Climate Justice is Gender Justice
We’re pleased to introduce you to one of our ODW partners, Marc Romyr Antoine. Marc is the Vice President of International Programs at Tearfund USA, and formerly served as Tearfund’s Country Director for Haiti. Marc is also a Pastor and social justice advocate, currently researching Diaspora Missiology. He is married to Stephanie and they have two toddler boys.
Marc, tell us a little about yourself. How did you become interested in issues of justice and poverty alleviation?
I was born in Haiti, and my family moved to the States when I was a toddler. I grew up in the Haitian community in Philadelphia in the 90s, during a time when Haitians were being blamed for bringing AIDS to the States. My uncles were part of a group that protested, and I learned from them that Haitians have a long history of resistance and justice.
I began to build a Biblical understanding of justice by reading Nehemiah [in the Old Testament]. Nehemiah was a member of the Jewish diaspora growing up in Persia, but decided to go back to his home in Jerusalem to rebuild the city walls after the city was burned down. That’s when I started reading the Bible through the lens of justice, and felt the call to go back to my home country of Haiti.
How have you seen climate change impacting Haitian communities? How are climate change and poverty connected?
From 2000-2019, Haiti was considered one of the top 5 countries in the world impacted by climate change. Over that period, there was a significant increase in the number and severity of climate-related disasters like hurricanes and droughts. There are areas of Haiti that haven’t had rain for 5 years, and other areas with constant severe rain storms. Southern Haiti – which is considered the breadbasket of the country and produced 90% of the nation’s food – is still recovering from Hurricane Matthew.
Farmers who were dependent on rainfall for their food and living have had to migrate to cities, but there often aren’t jobs available for them there. Loss of livelihoods due to climate change has led to more food insecurity. 70% of Haitians are now food insecure.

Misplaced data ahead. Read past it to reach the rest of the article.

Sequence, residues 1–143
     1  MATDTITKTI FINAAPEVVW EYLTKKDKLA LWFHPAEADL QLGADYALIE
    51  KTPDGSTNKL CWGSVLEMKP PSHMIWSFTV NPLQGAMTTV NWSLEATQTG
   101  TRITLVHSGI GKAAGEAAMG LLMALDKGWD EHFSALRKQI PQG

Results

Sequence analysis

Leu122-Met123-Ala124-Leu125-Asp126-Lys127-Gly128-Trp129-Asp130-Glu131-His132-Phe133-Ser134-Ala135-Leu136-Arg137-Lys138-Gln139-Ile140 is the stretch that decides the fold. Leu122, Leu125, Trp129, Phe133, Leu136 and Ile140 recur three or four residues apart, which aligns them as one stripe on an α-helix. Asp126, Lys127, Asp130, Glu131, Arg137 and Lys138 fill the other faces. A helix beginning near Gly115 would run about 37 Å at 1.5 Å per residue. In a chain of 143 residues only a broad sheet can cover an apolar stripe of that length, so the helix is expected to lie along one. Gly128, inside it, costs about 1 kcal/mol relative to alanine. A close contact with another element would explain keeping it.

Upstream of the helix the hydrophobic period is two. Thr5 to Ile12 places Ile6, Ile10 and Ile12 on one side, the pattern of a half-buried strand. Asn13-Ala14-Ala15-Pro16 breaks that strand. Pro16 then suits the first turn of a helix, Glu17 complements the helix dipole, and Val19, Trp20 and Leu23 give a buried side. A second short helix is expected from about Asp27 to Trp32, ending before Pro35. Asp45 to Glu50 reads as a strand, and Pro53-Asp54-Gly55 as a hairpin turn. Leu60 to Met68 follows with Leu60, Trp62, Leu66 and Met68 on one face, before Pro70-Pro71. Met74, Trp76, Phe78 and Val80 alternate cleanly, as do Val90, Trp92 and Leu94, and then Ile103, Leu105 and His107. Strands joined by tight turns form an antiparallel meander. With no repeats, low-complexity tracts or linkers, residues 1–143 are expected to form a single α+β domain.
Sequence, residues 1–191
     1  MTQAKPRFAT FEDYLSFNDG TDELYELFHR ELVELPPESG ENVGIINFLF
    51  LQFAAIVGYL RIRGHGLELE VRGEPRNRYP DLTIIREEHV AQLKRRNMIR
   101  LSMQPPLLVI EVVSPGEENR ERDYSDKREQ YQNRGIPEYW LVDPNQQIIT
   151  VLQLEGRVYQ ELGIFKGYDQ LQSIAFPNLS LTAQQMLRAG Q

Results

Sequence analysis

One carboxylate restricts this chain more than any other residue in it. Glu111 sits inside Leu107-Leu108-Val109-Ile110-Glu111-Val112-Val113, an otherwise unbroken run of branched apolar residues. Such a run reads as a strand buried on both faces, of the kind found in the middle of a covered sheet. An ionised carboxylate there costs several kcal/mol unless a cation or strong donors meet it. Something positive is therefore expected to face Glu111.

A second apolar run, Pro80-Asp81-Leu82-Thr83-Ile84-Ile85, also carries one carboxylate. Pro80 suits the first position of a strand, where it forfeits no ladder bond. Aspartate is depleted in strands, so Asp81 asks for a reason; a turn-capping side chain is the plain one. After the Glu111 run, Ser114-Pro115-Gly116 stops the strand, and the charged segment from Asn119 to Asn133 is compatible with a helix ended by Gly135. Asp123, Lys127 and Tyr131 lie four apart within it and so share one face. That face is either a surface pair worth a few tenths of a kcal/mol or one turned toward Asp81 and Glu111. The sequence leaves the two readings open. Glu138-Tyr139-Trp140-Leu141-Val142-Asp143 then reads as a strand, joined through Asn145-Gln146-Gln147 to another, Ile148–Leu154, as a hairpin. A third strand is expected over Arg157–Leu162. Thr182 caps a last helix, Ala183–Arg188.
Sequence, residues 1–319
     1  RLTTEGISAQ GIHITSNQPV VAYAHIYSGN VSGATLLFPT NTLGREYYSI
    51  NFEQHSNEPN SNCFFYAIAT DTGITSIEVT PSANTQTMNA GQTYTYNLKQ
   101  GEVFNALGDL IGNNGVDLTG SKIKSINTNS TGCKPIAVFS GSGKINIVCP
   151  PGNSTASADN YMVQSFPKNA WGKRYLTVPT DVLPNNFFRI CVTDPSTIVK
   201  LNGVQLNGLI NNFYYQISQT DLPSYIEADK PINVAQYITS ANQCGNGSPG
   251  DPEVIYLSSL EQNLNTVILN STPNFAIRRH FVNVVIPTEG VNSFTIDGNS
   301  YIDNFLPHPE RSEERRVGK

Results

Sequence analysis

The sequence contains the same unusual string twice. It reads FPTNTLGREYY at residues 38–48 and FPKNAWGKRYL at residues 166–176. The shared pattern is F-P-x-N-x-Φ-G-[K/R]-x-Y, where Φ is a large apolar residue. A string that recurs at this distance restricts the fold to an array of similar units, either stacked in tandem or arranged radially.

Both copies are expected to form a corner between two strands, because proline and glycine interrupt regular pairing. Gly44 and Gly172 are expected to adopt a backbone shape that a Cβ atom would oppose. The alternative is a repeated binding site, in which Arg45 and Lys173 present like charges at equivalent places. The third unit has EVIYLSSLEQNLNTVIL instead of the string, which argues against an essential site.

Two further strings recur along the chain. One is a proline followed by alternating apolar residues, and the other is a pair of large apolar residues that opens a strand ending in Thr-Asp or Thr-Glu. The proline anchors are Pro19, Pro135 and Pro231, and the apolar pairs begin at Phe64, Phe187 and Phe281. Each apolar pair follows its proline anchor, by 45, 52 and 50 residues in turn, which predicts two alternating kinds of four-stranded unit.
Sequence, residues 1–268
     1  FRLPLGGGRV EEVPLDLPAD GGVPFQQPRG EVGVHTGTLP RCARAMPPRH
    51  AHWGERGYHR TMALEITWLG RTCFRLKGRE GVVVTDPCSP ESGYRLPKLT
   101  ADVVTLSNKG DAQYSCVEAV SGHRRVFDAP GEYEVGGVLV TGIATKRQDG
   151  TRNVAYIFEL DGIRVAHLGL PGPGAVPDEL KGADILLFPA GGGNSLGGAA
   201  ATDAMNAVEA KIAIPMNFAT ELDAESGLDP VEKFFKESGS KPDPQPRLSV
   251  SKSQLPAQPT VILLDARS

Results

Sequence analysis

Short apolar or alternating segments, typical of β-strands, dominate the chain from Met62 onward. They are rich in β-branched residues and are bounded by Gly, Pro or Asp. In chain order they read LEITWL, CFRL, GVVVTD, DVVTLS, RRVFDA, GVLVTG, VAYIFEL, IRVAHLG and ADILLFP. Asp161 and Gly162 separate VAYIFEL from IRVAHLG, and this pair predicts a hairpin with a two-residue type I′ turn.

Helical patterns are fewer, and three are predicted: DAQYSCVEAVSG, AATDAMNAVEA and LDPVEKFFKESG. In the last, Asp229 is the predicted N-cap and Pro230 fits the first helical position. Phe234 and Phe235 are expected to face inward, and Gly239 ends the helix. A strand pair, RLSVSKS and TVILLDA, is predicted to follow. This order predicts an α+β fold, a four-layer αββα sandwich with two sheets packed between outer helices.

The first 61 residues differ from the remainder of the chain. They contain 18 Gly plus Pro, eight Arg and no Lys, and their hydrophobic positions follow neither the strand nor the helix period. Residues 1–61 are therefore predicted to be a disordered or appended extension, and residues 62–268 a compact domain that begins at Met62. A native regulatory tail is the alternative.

There’s a lot of research happening on the connections between climate change and gender inequality. In much of the world, women are the ones responsible for collecting water and firewood, and providing food for the family. In Haiti, how is climate change disproportionately impacting girls and women?
Traditionally in Haiti, a majority of farmers are men. If they can no longer produce food, then women bear the financial impact since they are the ones who do commerce and sell produce. Young women may seek other ways of earning money that are less dignifying.
Women and children are the ones more likely to be home during natural disasters, leaving women in the difficult position of trying to protect the little ones. Climate change has also led to longer periods of drought and rivers drying up, which means women have to walk even further to gather water. All of these circumstances leave women in vulnerable positions.
This year One Day’s Wages is partnering with Tearfund USA to empower Haitian women farmers through climate adaptation and gender equity training. What are you hopeful for in this project?
I have hope in people’s resilience. A lot of families in Haiti live day to day. They wake up in the morning, have their coffee, and literally don’t know how they will get food for the day. But Haitians are innovative: they can take something small and make it stretch a long way. The project will offer resources like agroforestry seedlings that have a long-term impact on farmers. These resources provide a safety net that enable people to look to the future.
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